Two courses (with limited enrollment) provide hands-on experience with ICP-MS, in addition to other inorganic mass spectrometric techniques. Brief descriptions and syllabi are included below. If interested, please contact Dr. Miller for more information: email@example.com.
GEO 391 – Fundamentals and Applications of ICP-MS (Fall)
The value of compositional data (isotopic and elemental) to scientific inquiry is indisputable. Such data form the relationships from which trends and processes emerge, enabling prediction and advancement of hypotheses. Capable scientists need analytical education in terms of instrumental methods, data generation and evaluation, and knowledge of scales of measurement and natural variability. Inductively coupled plasma mass spectrometry (ICP-MS) is widely regarded as the premier technique for trace, minor and major element measurement, and has wide applications in almost every analytical field. This course covers fundamentals of the technique and explores, through hands-on labs, applications and capabilities of ICP-MS. Lecture/lab contents are approximately 50:50 with the lab component emphasized in the second half of the course. It is the hands-on experience component of this course, in particular, that facilitates understanding of ICP-MS capabilities.
Prerequisites: Graduate standing in geological sciences or graduate standing and consent of instructor. Working knowledge of MS Excel, including manipulation of rows and columns of data, application of basic algebraic functions to derive statistics, sorting and filtering of data.
Syllabus: Fall 2015 Syllabus
Previous Student Projects: GEO 391 Class Projects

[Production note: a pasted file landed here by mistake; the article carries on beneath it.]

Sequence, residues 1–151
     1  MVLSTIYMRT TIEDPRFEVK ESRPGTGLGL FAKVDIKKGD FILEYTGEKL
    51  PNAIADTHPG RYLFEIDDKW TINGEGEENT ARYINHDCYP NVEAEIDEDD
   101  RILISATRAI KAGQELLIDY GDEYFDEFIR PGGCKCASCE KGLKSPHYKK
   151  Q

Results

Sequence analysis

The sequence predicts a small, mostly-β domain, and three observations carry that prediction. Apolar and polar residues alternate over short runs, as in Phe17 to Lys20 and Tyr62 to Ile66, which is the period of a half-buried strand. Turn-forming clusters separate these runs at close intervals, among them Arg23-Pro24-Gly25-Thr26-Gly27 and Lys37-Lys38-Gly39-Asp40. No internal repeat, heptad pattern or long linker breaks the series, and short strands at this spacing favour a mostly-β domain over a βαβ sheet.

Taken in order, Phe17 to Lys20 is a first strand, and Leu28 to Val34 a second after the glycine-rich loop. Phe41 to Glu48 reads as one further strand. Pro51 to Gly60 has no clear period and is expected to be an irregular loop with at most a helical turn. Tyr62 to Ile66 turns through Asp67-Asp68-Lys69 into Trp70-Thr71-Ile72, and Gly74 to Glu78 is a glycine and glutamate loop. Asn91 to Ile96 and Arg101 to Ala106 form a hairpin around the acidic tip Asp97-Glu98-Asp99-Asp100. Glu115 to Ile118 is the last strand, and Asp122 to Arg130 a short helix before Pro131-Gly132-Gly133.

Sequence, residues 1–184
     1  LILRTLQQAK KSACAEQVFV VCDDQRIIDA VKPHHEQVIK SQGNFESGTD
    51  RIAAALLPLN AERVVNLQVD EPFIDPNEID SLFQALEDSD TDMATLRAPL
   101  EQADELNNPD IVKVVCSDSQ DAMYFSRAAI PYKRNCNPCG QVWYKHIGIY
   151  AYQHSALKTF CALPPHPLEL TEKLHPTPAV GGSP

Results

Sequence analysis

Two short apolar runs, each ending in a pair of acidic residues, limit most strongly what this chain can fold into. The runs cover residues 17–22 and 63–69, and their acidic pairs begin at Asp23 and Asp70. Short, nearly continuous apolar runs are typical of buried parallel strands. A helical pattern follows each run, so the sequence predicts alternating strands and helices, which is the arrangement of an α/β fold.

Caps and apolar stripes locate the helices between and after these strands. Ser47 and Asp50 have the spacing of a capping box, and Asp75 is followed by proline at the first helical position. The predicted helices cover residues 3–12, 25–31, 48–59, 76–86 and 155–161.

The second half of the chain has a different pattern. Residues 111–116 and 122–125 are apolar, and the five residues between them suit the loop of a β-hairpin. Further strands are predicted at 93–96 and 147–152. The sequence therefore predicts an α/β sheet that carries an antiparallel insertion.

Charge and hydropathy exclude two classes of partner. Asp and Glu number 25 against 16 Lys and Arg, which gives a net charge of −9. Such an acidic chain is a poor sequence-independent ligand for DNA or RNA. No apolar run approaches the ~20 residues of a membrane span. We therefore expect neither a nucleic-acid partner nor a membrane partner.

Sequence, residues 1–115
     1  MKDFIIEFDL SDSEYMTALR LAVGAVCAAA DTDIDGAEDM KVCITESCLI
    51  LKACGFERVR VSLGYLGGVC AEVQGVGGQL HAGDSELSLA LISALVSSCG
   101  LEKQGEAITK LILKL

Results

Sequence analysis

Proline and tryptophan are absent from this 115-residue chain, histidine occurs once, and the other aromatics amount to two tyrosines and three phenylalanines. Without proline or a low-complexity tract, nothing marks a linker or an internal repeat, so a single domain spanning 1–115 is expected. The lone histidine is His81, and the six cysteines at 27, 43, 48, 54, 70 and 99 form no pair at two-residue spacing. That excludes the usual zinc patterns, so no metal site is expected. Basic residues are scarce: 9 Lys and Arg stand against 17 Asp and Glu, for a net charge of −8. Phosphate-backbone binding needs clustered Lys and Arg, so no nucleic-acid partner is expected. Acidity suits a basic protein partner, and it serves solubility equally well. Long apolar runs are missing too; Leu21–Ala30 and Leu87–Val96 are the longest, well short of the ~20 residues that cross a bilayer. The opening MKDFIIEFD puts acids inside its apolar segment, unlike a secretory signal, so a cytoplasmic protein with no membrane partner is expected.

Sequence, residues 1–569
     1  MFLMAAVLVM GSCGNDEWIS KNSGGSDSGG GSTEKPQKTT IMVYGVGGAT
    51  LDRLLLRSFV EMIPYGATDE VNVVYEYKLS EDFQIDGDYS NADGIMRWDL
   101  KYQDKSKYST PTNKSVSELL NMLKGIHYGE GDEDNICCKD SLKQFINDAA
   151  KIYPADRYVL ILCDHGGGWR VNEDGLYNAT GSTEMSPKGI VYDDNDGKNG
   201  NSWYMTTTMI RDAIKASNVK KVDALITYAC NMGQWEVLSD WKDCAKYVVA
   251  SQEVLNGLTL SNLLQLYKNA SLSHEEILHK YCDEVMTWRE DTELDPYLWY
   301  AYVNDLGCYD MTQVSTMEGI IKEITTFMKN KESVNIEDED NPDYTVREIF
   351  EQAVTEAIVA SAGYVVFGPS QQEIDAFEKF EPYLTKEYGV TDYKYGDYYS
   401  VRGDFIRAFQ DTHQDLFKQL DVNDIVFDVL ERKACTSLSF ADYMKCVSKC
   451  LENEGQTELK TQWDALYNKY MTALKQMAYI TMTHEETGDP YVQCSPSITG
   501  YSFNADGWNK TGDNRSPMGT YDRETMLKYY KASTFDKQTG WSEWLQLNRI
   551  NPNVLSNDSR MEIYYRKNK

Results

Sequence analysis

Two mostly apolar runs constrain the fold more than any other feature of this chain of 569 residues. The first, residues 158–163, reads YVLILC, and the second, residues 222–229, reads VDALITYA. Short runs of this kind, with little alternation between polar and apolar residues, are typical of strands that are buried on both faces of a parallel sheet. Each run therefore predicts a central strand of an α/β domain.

GEO 391 – Geochemical Problem Solving With Atoms and Ions (Spring)
Mass spectrometers are essentially analytical balances that operate at molecular and atomic levels. Compositional data (both isotopic and elemental) provided by mass spectrometric techniques are invaluable to many lines of scientific inquiry. Many types of mass spectrometers have been developed to suit a wide range of applications (>10 in the Jackson School of Geosciences!), but all involve the conversion of sample molecules into charged particles (ions) that are then measured according to their mass-to-charge ratio to provide specific information about chemical identity and abundance. This course provides an introduction to inorganic mass spectrometry methods and their applications to the Earth sciences. Five key modalities are surveyed (TIMS, ICP-MS, LA-ICP-MS, MC-ICP-MS, and IRMS) in lecture, with hands-on experience provided in weekly labs. Knowledge and skills developed in this course are intended to provide an understanding of how mass spectrometers work, how these techniques are used in geoscience research, and what is necessary to generate and critically evaluate high-quality data.
Prerequisites: Graduate standing in geological sciences, upper division undergraduate standing in geological sciences and consent of instructor, or graduate standing in another field and consent of instructor.
Syllabus: Spring 2015 Syllabus